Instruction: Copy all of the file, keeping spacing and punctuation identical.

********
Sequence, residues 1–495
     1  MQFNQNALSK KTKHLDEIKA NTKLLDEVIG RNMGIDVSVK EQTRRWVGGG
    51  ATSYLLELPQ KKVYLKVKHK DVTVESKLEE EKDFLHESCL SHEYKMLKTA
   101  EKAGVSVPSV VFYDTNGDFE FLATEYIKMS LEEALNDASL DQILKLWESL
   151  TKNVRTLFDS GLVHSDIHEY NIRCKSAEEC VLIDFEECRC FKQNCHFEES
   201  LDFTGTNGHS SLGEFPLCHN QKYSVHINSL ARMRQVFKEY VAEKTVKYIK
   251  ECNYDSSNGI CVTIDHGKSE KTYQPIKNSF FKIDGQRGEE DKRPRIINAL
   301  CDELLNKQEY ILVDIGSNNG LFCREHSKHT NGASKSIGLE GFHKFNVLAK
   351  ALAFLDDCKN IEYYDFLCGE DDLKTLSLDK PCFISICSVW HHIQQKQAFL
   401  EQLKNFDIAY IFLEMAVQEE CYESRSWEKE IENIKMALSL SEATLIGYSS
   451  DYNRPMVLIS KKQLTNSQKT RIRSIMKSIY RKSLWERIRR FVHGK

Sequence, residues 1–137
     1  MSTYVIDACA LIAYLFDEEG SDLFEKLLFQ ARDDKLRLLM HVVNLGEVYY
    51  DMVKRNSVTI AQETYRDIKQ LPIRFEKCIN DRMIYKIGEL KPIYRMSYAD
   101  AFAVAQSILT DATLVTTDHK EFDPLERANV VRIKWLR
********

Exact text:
Sequence, residues 1–495
     1  MQFNQNALSK KTKHLDEIKA NTKLLDEVIG RNMGIDVSVK EQTRRWVGGG
    51  ATSYLLELPQ KKVYLKVKHK DVTVESKLEE EKDFLHESCL SHEYKMLKTA
   101  EKAGVSVPSV VFYDTNGDFE FLATEYIKMS LEEALNDASL DQILKLWESL
   151  TKNVRTLFDS GLVHSDIHEY NIRCKSAEEC VLIDFEECRC FKQNCHFEES
   201  LDFTGTNGHS SLGEFPLCHN QKYSVHINSL ARMRQVFKEY VAEKTVKYIK
   251  ECNYDSSNGI CVTIDHGKSE KTYQPIKNSF FKIDGQRGEE DKRPRIINAL
   301  CDELLNKQEY ILVDIGSNNG LFCREHSKHT NGASKSIGLE GFHKFNVLAK
   351  ALAFLDDCKN IEYYDFLCGE DDLKTLSLDK PCFISICSVW HHIQQKQAFL
   401  EQLKNFDIAY IFLEMAVQEE CYESRSWEKE IENIKMALSL SEATLIGYSS
   451  DYNRPMVLIS KKQLTNSQKT RIRSIMKSIY RKSLWERIRR FVHGK

Sequence, residues 1–137
     1  MSTYVIDACA LIAYLFDEEG SDLFEKLLFQ ARDDKLRLLM HVVNLGEVYY
    51  DMVKRNSVTI AQETYRDIKQ LPIRFEKCIN DRMIYKIGEL KPIYRMSYAD
   101  AFAVAQSILT DATLVTTDHK EFDPLERANV VRIKWLR